Stephen Harper has announced that he will allow (oh thank you, master) a debate in the House of Commons on the Canadian mission in Afghanistan. This is good news for many of us that have suggested its necessity, but is it all good? Like, what’s with this?
“It will not be a votable debate, in other words they will not vote on Canadian participation,” CTV’s Ottawa Bureau Chief Robert Fife told CTV Newsnet. “This will be an opportunity for members of Parliament from all sides of the house to debate and discuss Canada’s mission in Afghanistan and, of course, the concerns of some MPs about the growing list of casualties.”
So instead of a debate that means something, we get an opportunity for every MP to stand up wearing a Canadian flag lapel pin and somberly intone how much he or she honours the troops and hopes no one else gets hurt? Why not allow a vote? Does Harper actually think that he would lose a vote on the mission, or is he scared of setting some sort of awkward democratic precedent? What is the purpose of a debate that doesn’t result in a decision? That’s just a conversation. Why would parliamentarians bother showing up other than for their sound bite for the next election campaign ad? If he wants to simply tell the Canadian people about the mission, why not just go on TV for an hour some night during prime time and lay it out.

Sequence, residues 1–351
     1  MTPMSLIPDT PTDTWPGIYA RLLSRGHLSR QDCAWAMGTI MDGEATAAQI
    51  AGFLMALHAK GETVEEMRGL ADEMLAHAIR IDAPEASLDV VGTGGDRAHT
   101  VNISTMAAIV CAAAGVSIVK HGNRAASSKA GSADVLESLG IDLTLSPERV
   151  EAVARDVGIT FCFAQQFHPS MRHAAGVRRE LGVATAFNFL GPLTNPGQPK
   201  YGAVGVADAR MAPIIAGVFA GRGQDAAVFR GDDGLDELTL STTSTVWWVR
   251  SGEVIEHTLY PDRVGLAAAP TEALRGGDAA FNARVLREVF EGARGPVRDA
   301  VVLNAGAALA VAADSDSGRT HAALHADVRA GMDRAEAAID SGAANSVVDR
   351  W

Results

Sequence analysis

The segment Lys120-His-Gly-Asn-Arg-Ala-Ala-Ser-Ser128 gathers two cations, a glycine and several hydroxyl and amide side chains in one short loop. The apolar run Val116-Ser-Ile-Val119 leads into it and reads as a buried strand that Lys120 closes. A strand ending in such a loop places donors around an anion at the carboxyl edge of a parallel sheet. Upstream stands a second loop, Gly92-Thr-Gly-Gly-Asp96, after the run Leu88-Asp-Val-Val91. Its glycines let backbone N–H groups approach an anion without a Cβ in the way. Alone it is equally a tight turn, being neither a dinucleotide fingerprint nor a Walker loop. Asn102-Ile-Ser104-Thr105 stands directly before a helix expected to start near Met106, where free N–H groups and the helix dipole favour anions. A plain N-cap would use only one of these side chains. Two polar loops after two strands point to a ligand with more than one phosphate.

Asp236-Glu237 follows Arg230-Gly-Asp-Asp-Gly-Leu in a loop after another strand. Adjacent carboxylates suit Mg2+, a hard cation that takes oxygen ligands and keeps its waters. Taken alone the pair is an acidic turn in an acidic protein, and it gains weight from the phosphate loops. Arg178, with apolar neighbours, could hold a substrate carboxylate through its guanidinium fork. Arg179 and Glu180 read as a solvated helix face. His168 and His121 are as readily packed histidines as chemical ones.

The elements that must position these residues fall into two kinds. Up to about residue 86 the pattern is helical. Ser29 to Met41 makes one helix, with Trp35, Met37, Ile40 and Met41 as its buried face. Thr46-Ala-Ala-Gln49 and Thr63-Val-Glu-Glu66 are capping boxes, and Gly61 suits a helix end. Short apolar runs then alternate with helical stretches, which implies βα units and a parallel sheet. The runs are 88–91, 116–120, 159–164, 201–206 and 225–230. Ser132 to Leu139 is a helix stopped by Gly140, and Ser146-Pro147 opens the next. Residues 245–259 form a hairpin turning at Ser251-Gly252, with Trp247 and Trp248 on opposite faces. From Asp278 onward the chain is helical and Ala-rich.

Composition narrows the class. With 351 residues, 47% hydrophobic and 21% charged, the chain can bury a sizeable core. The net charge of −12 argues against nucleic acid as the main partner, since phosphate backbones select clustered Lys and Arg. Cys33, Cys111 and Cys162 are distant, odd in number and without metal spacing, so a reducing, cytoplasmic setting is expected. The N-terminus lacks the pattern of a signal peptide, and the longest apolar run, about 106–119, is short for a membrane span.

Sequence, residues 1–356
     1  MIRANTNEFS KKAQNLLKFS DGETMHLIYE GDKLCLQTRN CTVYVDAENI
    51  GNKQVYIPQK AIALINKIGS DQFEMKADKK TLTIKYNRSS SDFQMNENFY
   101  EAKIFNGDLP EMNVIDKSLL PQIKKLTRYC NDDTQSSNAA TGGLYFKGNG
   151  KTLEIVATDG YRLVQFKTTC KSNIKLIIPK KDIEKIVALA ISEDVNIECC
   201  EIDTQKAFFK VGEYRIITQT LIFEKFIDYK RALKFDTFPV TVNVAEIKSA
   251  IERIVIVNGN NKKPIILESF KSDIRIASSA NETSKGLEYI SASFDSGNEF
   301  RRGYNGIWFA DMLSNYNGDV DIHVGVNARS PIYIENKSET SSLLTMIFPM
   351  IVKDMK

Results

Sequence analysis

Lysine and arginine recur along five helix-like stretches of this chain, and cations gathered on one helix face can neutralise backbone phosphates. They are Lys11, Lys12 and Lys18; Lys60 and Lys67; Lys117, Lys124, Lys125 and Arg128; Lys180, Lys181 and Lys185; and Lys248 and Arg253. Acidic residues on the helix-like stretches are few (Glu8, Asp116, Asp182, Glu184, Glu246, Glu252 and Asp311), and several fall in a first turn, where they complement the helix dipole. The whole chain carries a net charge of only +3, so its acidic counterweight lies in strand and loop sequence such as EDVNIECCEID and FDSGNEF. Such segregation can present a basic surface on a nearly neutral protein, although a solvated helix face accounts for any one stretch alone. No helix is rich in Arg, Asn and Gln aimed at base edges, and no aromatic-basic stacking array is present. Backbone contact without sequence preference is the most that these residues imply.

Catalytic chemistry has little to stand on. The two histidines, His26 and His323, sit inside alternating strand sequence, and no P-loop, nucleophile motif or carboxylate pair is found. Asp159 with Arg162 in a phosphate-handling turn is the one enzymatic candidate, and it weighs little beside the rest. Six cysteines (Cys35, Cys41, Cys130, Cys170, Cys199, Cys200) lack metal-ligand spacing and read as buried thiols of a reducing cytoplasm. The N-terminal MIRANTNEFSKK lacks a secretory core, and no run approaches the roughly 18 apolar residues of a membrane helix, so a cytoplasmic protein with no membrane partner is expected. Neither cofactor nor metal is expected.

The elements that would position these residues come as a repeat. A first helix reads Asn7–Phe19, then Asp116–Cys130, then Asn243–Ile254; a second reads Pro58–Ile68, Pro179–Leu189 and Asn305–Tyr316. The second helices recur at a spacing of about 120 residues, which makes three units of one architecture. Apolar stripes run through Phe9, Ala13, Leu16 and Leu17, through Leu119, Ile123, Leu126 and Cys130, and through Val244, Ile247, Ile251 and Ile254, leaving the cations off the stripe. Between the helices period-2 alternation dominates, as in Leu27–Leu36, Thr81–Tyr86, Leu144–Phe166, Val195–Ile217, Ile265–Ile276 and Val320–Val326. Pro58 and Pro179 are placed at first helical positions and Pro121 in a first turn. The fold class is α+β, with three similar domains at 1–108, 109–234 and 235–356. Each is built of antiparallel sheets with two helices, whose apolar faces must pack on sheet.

In my own squeaky little voice, I have called for a debate in Parliament on this issue several times in previous posts and in comments and conversations with other bloggers, but I have always maintained that we need to have a vote on the mission in order for the discussion to mean anything. If Stephen Harper is too afraid to “bring it” (as all the kids are saying these days , then why does he expect our armed forces to do so? If he wants Canadians to back the mission, then let us say go or no.
In rejecting a debate only recently, he said that “To do so would not only be not in the best interests of Canada’s international reputation… it would be a betrayal of the brave men and women we have in the field who are in danger”. This is tripe – to send them without consulting Parliament is anti-democratic and to hide behind their sense of duty is cowardice. If Stephen Harper actually believes the mission is important, as I do, he will have a full vote in the House of Commons, one that I’m sure would win near if not absolute unanimous approval.
I am aware that Stephen Harper inherited the Afghanistan mission from a Liberal government that did not consult Parliament and I’m also aware that the NDP were not nearly loud enough in requesting a debate either when the mission began in 2001 or when it was expanded later. The opposition has handed Harper a golden opportunity to right a wrong.
Or he could just use it as a cynical attempt to ameliorate the NDP request for a real debate and then move on to the Big Five.